ZIMBABWE’S President Emmerson Mnangagwa said on Monday a new tax on electronic payments was a painful but necessary part of the government’s attempts to revive the economy, his first comments since the imposition of the levy last week sparked a public outcry following the announcement on October 1.
Mnangagwa is trying to put back on track an economy that all but collapsed under the 38-year rule of Robert Mugabe.
Finance minister Mthuli Ncube said the 2 percent tax on mobile, card payments and bank transfers above $10 would be used to fund the roads, health and education sectors.
The tax will apply on mobile, card payments and bank transfers above $10 with exceptions for foreign payments and transfer of government funds. However, business and citizens objected, saying they would be paying for the government’s profligate spending.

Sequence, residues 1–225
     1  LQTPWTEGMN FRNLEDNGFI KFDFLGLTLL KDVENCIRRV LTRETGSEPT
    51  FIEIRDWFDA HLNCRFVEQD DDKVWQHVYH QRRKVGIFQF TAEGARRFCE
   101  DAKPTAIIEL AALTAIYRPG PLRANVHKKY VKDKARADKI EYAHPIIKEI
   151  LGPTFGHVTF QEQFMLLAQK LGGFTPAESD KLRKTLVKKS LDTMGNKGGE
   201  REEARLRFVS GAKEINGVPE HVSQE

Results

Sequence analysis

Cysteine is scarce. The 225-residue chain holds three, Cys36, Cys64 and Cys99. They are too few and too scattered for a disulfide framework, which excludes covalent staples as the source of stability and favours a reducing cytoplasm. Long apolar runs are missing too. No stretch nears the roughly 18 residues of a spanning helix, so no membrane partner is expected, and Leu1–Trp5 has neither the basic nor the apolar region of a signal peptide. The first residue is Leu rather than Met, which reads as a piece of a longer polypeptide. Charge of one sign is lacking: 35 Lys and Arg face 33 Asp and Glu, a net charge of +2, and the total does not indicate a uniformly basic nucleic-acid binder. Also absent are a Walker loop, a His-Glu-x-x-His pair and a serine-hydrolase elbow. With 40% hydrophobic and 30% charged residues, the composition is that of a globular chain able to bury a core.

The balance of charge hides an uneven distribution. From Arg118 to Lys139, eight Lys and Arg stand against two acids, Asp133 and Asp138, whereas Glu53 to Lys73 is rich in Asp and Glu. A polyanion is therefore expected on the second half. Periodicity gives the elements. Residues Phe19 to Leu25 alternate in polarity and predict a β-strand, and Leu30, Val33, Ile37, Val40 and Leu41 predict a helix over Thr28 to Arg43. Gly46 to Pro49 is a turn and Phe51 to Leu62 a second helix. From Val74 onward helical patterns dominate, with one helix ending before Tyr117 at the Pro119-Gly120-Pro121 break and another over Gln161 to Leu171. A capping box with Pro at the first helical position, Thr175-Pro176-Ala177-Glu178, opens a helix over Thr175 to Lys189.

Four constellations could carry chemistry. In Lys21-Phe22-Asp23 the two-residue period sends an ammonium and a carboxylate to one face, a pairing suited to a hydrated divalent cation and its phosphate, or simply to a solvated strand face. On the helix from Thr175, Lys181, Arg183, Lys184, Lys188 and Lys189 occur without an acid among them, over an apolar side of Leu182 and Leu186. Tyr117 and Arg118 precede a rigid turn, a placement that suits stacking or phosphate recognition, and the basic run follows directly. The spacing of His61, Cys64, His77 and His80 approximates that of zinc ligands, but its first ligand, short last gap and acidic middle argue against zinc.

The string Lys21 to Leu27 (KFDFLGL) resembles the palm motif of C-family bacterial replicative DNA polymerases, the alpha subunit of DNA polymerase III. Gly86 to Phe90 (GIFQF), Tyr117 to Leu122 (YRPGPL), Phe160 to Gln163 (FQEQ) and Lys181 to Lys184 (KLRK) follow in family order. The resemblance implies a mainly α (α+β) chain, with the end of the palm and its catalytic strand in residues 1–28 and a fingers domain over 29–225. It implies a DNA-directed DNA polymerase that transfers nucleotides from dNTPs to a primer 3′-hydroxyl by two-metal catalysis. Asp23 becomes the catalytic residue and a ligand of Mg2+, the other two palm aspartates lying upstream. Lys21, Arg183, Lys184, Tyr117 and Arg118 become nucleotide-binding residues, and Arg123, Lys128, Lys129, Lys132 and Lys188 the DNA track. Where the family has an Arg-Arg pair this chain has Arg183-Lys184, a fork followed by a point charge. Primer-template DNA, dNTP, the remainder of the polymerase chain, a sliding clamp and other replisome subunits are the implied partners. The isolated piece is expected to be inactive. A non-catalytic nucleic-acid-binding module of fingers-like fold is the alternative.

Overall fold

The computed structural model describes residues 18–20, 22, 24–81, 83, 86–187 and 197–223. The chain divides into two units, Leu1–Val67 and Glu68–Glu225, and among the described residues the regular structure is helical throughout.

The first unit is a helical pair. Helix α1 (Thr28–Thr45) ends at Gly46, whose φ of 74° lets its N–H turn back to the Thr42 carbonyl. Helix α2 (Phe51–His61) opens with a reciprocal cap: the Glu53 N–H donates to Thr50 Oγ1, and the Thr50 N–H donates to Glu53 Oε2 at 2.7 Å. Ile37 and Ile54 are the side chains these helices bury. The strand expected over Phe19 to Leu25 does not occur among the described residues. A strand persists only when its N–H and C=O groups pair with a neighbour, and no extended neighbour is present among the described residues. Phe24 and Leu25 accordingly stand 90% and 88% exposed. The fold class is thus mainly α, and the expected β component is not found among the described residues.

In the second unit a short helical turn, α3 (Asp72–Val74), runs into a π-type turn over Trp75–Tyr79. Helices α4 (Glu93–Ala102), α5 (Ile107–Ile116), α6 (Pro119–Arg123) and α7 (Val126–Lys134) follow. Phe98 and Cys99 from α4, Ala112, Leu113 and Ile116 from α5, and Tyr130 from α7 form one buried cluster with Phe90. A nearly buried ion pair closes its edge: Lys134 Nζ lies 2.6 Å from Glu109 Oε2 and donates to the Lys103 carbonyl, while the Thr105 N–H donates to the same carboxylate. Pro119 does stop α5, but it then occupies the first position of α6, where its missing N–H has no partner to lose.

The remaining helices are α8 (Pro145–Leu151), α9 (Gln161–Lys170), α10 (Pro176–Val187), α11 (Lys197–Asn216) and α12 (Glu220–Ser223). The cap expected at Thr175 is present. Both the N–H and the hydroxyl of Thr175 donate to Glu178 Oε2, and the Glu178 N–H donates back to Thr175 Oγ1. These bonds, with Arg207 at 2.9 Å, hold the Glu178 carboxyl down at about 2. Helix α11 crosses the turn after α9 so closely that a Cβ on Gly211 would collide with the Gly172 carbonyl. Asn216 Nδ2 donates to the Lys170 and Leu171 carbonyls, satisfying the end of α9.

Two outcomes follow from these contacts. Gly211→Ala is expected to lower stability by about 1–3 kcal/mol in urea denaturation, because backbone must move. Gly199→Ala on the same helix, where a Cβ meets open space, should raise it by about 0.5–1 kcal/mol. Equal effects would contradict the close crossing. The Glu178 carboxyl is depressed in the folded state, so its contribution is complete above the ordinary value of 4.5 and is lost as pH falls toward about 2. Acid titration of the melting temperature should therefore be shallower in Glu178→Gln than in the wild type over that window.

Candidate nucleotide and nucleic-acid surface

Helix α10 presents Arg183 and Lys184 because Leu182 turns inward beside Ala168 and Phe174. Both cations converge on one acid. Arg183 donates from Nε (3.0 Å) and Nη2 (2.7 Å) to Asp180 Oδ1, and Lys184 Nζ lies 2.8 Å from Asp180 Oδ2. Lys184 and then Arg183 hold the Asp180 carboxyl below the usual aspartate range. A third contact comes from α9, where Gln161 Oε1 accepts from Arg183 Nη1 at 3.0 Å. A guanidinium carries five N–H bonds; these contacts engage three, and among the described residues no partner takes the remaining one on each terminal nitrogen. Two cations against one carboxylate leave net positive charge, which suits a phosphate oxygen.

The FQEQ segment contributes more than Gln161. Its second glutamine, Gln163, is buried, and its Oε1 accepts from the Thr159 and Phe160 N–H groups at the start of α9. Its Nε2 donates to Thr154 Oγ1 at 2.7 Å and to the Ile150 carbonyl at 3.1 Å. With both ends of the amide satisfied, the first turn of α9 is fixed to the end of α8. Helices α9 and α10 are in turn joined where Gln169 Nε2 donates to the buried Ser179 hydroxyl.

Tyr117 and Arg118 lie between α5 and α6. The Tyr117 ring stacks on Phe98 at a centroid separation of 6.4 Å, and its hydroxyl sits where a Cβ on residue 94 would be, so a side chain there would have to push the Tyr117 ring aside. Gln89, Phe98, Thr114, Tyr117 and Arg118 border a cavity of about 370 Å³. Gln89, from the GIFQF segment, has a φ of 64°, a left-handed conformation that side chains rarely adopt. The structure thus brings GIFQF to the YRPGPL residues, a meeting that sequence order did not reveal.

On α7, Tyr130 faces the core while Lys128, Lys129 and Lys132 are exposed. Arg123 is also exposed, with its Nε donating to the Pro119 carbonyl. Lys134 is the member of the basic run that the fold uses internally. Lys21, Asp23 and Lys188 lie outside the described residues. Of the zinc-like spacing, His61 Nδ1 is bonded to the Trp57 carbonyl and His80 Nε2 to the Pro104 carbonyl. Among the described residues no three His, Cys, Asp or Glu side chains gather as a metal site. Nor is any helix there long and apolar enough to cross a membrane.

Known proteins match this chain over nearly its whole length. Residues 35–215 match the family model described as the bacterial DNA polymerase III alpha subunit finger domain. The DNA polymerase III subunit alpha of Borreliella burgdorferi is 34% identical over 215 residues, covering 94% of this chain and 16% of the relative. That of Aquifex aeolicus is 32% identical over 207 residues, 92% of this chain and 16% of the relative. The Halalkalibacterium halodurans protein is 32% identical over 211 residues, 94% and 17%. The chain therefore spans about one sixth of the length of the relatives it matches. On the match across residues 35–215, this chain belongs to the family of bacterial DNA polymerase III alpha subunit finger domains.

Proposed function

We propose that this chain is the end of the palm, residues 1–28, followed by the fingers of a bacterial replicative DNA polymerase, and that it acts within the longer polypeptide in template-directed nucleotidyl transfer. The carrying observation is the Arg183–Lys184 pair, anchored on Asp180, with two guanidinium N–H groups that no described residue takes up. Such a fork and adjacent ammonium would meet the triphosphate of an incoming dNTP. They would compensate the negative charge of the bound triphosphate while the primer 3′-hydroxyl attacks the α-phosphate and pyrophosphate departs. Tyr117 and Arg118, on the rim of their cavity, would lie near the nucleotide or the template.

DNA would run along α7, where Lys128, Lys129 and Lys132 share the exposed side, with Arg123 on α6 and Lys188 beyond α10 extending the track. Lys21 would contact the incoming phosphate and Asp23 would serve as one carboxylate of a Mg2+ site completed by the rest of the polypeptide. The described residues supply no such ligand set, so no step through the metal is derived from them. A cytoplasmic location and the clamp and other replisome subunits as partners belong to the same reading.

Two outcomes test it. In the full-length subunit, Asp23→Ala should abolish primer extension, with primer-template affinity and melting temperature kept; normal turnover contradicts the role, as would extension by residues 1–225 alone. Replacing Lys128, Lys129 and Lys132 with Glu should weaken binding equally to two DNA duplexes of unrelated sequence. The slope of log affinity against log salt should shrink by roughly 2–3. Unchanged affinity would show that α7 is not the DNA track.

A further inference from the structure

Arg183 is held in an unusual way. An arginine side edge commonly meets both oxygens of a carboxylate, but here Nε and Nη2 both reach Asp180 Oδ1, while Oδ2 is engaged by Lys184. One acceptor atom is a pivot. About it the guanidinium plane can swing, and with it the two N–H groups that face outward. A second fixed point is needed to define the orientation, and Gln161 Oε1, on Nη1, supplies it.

Oil companies temporarily stopped delivering fuel because of the effect of the tax, causing shortages. Prices of some basic goods and medical drugs have shot up in the past few days.
Economic analysts said the tax would raise nearly $2bn a year. To improve the economy, the government would have ‘to take measures that are going to be painful and this is one of such measures,’ Mnangagwa said at a business meeting in Harare.
‘In our quest to leapfrog and cover the period of two decades of stagnation, these things have become necessary.’ A 388-page government economic plan issued by Ncube on Friday shows the government plans cuts in spending, borrowing and the public-service wage bill.
Zimbabwe is facing acute shortages of US dollars. The shortages have fanned a black market where the premium for dollars rose to more than 200 percent on Monday, up from 165 percent on Saturday.